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Papers of the Week

Papers: 11 Mar 2023 - 17 Mar 2023

Psychology, Social Aspects, Translational

Human Studies

Musculoskeletal Pain


Neurobiol Pain



The association of spouse interactions and emotional learning in interference related to chronic back pain.


Nees F, Usai K, Kandić M, Zidda F, Heukamp NJ, Moliadze V, Löffler M, Flor H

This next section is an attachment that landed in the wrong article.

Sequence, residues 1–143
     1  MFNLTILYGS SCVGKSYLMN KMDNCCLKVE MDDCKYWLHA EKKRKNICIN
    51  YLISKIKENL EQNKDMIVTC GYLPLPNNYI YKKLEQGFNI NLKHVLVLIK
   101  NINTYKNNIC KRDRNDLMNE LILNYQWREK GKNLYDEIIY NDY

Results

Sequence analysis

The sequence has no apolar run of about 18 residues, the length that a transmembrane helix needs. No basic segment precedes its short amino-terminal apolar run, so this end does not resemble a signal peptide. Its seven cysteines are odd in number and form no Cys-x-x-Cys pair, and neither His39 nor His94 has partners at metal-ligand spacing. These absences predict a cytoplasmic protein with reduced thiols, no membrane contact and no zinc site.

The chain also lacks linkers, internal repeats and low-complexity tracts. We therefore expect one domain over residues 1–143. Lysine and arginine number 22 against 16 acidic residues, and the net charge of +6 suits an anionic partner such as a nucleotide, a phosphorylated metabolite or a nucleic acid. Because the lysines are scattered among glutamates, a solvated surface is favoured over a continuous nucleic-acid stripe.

Social interactions affect individual behaviours, preferences, and attitudes. This is also critical in the context of experiencing pain and expressing pain behaviours, and may relate to learned emotional responses. In this respect, individual variability in the medial prefrontal cortex (mPFC), which is involved in adjusting an organism’s behaviour to its environment by evaluating and interpreting information within the context of past experiences, is important. It is critical for selecting suitable behavioural responses within a social environment and may reinforce maladaptation in chronic pain. In our study, we used brain imaging during appetitive and aversive pavlovian conditioning in persons with chronic back pain (CBP), subacute back pain (SABP), and healthy controls (HC), together with information on spouse responses to pain behaviours. We also examined the relationship of these responses with pain-related interference in the patients. Our findings yielded a significant negative association between mPFC responses to appetitive and aversive learning in CBP. We also observed a significant negative association for mPFC responses during aversive learning and distracting spouse responses, and a significant positive association between mPFC responses during appetitive learning and solicitous spouse responses in CBP. Both significantly predicted pain-related interference in the CBP group (explained variance up to 53%). Significant associations were not found for SABP or HC. Our findings support an association between appetitive and aversive pavlovian learning, related brain circuits and spouse responses to pain in CBP, where appetitive and aversive learning processes seem to be differentially involved. This can inform prevention and early intervention in a mechanistic approach.